This sounds like an obvious statement, but actually hackers can be extremely sneaky. Almost 93% of malware is delivered via email, making it the number one method of attack. Additionally, 95% of cybersecurity breaches are due to human error.

If you receive an email asking for account information or requesting you to click a link, double check the sender’s address to make sure it came from a verified source. Scammers will often create accounts that look like they came from a service provider you may have, but with one wrong letter or other minor change.

Be wary of using public or open internet connections as they generally aren’t secure.

Do not grant access to your website to just anyone. Make sure they are a trusted source. This is especially important if you encounter a scammer claiming to be able to fix a technical issue or to install antivirus software.

Manually accept on-site comments

Comments are a great way to build social proof and engage with your audience. However, there are bots, fake accounts, and trolls out there that can pose a security risk to you and your users. Malicious links can easily sneak into a comments section that can be dangerous for visitors.

You can change your site settings to manually approve comments before they appear on your site, giving you the opportunity to delete any spam that may pop up.

Backup your site regularly

Creating a backup of your site ensures that if something did go wrong, you would still have a recent version of your website on hand. A backup is essentially a carbon copy of your website data, including files, content, media, and databases.

You can use a paid backup service that does the work for you, or you can use a WordPress plugin to manage your own backup preferences.

The easiest way to backup is by going with a web host that includes backups in its plans.

The more frequently you update your website, the more frequent your backups should be.

Common Red Flags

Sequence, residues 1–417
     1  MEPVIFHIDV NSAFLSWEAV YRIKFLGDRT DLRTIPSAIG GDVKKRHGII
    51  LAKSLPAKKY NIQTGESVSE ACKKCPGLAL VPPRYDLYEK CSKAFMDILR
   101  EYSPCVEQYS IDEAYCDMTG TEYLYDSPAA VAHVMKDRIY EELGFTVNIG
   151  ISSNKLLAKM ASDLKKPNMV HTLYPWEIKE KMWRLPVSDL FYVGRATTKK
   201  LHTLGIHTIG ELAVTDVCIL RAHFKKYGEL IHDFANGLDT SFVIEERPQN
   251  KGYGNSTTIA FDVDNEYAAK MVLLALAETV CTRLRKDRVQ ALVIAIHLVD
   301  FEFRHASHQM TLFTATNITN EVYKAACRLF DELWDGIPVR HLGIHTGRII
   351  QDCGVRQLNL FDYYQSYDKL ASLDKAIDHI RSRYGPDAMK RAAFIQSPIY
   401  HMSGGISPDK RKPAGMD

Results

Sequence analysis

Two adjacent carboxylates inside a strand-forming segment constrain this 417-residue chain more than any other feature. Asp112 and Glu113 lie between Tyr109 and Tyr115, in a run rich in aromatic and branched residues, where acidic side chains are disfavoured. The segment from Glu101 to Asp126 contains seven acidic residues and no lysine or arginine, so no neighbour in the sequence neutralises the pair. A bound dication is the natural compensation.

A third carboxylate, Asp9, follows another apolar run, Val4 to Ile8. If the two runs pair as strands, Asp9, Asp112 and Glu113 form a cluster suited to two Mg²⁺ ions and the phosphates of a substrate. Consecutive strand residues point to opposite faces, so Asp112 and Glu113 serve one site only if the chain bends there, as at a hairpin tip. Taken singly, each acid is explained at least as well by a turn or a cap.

Now that we have reviewed some great ways to keep your website secure, you should also understand what a hacked website actually looks like. While there is no “standard” look of a hacked website, there are definitely clues and red flags you can see. We have compiled a list of ways hacking can appear: 

Ransomware: The hacker will demand ransom to be paid or else they will publish your data or lockdown your site, restricting access. 

Gibberish hack: You will find many new pages full of keywords and gibberish, to get them ranked on Google for keywords. When the pages are clicked on, they’ll redirect to a sketchy website. 

Cloaked keywords hack: This is the same approach as the gibberish hack, only the pages will look like your own site pages, but with altered content. 

Japanese keywords hack: This hack creates random pages in Japanese with various links to online stores selling fake merchandise. 

Malicious code/viruses: The hacker will install a malicious code or virus, causing your site to go down or prevent you from accessing it. This may also affect your hardware. 

Denial of Service: Hackers use bots to overwhelm your site, crashing the server it is hosted on. 

Phishing: This is common among scammers who will contact your clients pretending to be part of your business to gain access to personal information. 

Stay protected!